As reported in 2007 by Olivier Potterat and Matthias Hamburger at the University of Basel in Switzerland, there is still a lot to be learned about noni juice.  Its pharmacology and biological activity is only beginning to be uncovered.

There was a brief scare in the European Union related to its toxicity—a few case studies seemed to indicate it could cause liver damage, but a later investigation found that these were more likely the result of pre-existing health problems.  So far, at least, the safety record of noni juice looks good, and a number of clinical studies are underway.

This highlights the high-risk, high-reward aspect of noni juice—if a large-scale placebo-controlled double-blind study comes out that supports the use of noni juice for a common health issue, like preventing cancer, lowering cholesterol, or improving arthritis pain, noni juice could fly off the shelves.  On the other hand, if a clinical trial is stopped because of adverse side effects, it could be a business dead-end.

Because the scientific research is so preliminary, there’s no evidence that the dosage is correct either.  Even if noni juice does have beneficial health effects, the proper dosing and frequency you should take it still needs to be established.  So Morinda’s supplement may or may not be effective even if you assume the efficacy of the plant itself.

Compensation plan

In addition to the high-risk, high-reward nature of the product, the compensation plan for Morinda assumes a strong business growth model.  You need to pay $35 to become an affiliate, and you have to sign up for a substantial monthly auto-ship to be eligible for most of the company’s bonuses.

In 2015, almost 60% of active affiliates didn’t earn any money—this doesn’t count the numerous inactive affiliates or sellers who left the program.  These details are included on Morinda’s income statement, which highlights the earnings of top sellers prominently, but discloses the bad news at the bottom.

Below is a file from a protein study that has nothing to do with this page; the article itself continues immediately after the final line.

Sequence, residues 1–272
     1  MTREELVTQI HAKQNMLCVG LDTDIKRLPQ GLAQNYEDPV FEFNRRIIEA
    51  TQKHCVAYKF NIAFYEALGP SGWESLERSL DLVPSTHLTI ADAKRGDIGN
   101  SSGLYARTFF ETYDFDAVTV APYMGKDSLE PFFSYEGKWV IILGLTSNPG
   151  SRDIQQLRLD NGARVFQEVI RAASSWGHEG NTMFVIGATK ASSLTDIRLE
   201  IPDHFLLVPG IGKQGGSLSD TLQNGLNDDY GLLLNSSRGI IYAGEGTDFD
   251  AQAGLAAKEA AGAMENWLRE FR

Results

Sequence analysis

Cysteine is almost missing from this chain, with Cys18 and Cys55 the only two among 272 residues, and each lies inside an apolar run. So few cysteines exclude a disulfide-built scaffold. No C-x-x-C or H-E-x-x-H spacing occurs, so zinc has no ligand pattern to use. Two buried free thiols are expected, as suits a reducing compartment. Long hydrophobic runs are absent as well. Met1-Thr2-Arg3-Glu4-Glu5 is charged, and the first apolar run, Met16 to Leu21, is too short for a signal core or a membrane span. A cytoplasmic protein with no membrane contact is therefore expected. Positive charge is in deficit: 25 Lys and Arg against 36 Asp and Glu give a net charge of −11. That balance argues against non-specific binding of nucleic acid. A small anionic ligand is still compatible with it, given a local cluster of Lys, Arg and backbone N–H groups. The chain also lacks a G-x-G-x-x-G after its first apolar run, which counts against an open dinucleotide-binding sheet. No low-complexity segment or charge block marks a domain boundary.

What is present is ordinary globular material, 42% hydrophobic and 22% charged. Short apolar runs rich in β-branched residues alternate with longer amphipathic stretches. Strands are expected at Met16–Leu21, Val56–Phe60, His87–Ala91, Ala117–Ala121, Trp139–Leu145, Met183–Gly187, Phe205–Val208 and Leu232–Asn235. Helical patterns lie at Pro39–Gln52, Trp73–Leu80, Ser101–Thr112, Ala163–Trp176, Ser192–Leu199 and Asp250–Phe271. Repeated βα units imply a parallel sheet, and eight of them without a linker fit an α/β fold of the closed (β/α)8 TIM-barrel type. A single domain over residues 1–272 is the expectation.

Worse, there aren’t substantial wholesale ordering discounts; most of the revenue you can generate comes only from commissions on the distributors below you.  And this is contingent on moving a lot of product every month, even though there’s little incentive to do so in terms of direct profits.


Independent of the compensation plan, the science on noni juice is promising, but in the early stages.  Depending on whether or not things take a turn for the better or for the worse when more research comes out, noni juice could be the next big thing in health and nutrition, or a complete dud.

This risky business plan might be worth a try if the compensation plan were better, but it’s not particularly attractive.  The mostly recruitment-based compensation model is at odds with the inherently high risk associated with a niche market focus, especially on a product whose future is anything but certain.

So if you’re doing it for the money, just know there are much better ways to kill your day job. You might like our coaching because it shows you the good life without peddling overpriced juice to your family and friends.